An Interview with Todd Gaugler

“I have become very passionate about computer science. It is a much more dynamic subject than many people would assume.”

Todd Gaugler is a third-year Bachelor of Science student at Queens College in New York City. He has a triple major in Mathematics, Computer Science and Economics.

Todd began his bachelors program as a math major. He added computer science and economics to his degree because he enjoyed courses in those subjects and is interested in pursuing a career in finance. After graduating, Todd plans on earning a PhD in mathematics.

In your own words, what is computer science?

Computer science uses math and data structures to study how algorithms are processed and how data is organized. It is a broad field that can mean different things to different students, and it changes rapidly as technology evolves.

One of my interests in the discipline of computer science is quantum computing.
Quantum computing is a field that takes input from numerous scientific disciplines, the goal of which is to create major increases in computer speed and efficiency using algorithms specific to the structure of quantum computers. It is a relatively young and theoretical field at the moment, but it is exciting to work in.

Why did you choose to study computer science?

I initially chose computer science as one of my majors at Queens College
because I took several courses in the computer science department and found that
I enjoyed the discipline very much. My background in math and computer science allow and facilitate my interests in quantum computing and other topics in computer science.

I chose to earn my bachelors degree at Queens College because of the school’s strong academic programs and reputation. Queens was actually recommended to me because of the strength of their mathematics department.

Queens is also an affordable school. Since I anticipate spending money on grad school, I appreciate that I am not spending a lot of money on my undergraduate education.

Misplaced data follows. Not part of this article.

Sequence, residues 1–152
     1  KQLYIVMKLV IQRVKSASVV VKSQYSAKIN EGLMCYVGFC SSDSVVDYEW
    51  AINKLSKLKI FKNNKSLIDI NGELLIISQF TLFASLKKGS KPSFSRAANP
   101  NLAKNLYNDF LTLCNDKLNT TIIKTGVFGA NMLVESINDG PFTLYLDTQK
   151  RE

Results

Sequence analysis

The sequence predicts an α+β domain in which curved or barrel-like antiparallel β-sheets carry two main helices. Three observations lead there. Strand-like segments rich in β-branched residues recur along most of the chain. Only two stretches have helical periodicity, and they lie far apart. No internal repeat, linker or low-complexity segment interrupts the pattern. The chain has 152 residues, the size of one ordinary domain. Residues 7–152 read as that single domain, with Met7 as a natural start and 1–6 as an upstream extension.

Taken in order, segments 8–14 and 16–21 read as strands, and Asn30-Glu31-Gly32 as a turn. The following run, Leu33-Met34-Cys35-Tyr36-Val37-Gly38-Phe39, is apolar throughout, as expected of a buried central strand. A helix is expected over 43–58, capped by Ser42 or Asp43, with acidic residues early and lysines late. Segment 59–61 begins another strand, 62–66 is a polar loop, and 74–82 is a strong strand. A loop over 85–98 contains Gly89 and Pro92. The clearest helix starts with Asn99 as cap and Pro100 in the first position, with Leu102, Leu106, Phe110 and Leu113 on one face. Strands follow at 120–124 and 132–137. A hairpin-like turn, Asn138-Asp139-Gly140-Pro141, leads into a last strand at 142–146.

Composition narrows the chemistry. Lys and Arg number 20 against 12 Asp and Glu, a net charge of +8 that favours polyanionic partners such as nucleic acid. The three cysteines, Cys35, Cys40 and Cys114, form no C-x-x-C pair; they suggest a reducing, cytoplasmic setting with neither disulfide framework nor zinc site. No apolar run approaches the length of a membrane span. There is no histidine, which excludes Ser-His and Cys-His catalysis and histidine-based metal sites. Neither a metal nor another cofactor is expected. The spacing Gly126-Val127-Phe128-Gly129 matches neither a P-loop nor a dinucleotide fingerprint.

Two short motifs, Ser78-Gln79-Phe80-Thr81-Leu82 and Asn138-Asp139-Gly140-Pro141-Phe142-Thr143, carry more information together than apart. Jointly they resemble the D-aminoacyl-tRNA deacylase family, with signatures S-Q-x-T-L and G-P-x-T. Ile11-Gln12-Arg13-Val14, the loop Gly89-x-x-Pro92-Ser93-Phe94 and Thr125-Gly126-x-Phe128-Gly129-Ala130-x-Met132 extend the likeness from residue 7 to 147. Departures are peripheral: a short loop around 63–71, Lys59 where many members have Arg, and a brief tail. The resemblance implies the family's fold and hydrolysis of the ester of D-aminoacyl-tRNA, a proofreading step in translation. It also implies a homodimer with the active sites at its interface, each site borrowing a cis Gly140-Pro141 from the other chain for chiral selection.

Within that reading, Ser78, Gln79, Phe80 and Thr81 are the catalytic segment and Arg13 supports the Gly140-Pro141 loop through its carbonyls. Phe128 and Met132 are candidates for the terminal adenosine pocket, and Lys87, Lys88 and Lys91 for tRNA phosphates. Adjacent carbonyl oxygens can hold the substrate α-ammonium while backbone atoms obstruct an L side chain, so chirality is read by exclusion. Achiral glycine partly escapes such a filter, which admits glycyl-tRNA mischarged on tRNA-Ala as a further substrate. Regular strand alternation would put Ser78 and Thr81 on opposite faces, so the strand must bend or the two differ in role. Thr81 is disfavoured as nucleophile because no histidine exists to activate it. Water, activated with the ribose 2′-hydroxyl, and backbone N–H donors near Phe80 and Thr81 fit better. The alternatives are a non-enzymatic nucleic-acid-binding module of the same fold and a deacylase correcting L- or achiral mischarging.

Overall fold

When you first considered studying computer science what were your expectations?

When I first began studying computer science, I only thought I would minor in it, and I did not expect to enjoy it so thoroughly. I have become very passionate about computer science, and it is a much more dynamic subject than many people would assume.

What do you find most and least enjoyable about studying computer science?

I enjoy how interesting and engaging computer science is as a field. On the other hand, the workload is very heavy. But that is to be expected for anyone doing 3 rigorous programs at once.

What kinds of classes have you taken in your computer science program?

At the moment, I am doing mathematics research, which is integrated into the
computer science curriculum. I am exploring a program that has applications to computational algebra, a nice example in which my math and science backgrounds cooperate.

Which of these classes do you think will be most valuable for your future goals?

I think that the actual classes that I have taken at Queens will be of less importance to my career development than the professors who teach those classes. I took several classes with a very effective and enthusiastic professor. I am taking another course with him now, and he has become a sort of mentor. We are interested in the same topics, and he gives great encouragement and advice.